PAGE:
The request triggered political reaction on Friday. “People are shocked to see that some individuals are aiming for political gain by playing with something as serious as saving lives,” said Deputy Prime Minister Pablo Iglesias, leader of the leftist Unidas Podemos, the junior partner in a coalition led by Pedro Sánchez of the Socialist Party (PSOE).
Coronavirus crisis hits rental market in Catalonia
The rental market in Catalonia has been hit hard by the coronavirus crisis, according to figures from the Catalan regional government. These figures indicate that during the month of March – the state of alarm was declared on March 14 – rental agreements fell by 25% both in Barcelona and in the rest of Catalonia. In April, that number dropped by 75% (from 9,914 to 2,978 in the region and from 3,119 to 914 in Barcelona).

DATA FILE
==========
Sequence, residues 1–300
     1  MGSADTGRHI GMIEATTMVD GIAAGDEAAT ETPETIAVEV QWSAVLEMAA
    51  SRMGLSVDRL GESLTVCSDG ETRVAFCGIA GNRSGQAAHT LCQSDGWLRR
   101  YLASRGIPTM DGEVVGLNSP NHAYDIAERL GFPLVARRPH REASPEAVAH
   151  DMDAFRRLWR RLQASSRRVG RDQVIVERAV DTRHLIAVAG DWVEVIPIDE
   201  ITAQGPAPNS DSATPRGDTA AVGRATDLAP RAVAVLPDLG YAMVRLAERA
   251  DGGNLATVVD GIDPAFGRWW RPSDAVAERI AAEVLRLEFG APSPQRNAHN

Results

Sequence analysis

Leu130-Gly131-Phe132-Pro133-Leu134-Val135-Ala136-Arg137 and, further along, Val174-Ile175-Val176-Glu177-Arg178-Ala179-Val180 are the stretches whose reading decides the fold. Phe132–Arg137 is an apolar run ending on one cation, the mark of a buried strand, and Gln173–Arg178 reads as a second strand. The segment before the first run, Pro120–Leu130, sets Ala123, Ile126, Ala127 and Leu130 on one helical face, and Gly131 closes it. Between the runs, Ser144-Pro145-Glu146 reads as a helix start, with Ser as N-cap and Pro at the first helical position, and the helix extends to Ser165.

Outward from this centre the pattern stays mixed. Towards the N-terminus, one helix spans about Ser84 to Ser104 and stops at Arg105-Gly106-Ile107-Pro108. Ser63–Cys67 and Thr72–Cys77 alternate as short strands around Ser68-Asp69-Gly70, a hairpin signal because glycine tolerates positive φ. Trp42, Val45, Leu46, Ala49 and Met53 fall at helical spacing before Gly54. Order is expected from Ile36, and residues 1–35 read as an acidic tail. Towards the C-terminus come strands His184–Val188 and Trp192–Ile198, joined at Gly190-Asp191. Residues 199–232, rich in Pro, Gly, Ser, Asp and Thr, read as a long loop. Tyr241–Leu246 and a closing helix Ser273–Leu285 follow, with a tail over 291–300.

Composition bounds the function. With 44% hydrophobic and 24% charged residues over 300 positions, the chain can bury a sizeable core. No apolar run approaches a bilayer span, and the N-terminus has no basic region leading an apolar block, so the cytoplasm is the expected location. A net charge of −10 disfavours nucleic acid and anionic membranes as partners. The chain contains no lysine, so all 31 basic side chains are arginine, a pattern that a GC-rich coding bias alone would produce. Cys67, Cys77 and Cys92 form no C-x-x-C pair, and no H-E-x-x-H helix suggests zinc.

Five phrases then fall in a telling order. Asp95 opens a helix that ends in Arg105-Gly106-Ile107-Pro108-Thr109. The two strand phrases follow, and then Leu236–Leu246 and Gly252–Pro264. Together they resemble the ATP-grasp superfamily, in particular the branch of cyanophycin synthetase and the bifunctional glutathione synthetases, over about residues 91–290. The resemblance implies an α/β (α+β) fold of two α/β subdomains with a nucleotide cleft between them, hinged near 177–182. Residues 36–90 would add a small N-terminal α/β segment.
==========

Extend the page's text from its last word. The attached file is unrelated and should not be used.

The data refers to agreements of previously settled rental contracts or contracts that are automatically renewed. The market has come to a standstill under the coronavirus lockdown, given that apartment viewings are not possible, and won’t be allowed until Phase 1 of the government’s deescalation plan. What’s more, while the state of alarm is in place, tenants are allowed to request to extend their leases. The sector has warned that rental prices are likely to fall in response to the economic fallout of the crisis, which has led to mass job losses and furloughs.
Canary Islands develops system to predict new cases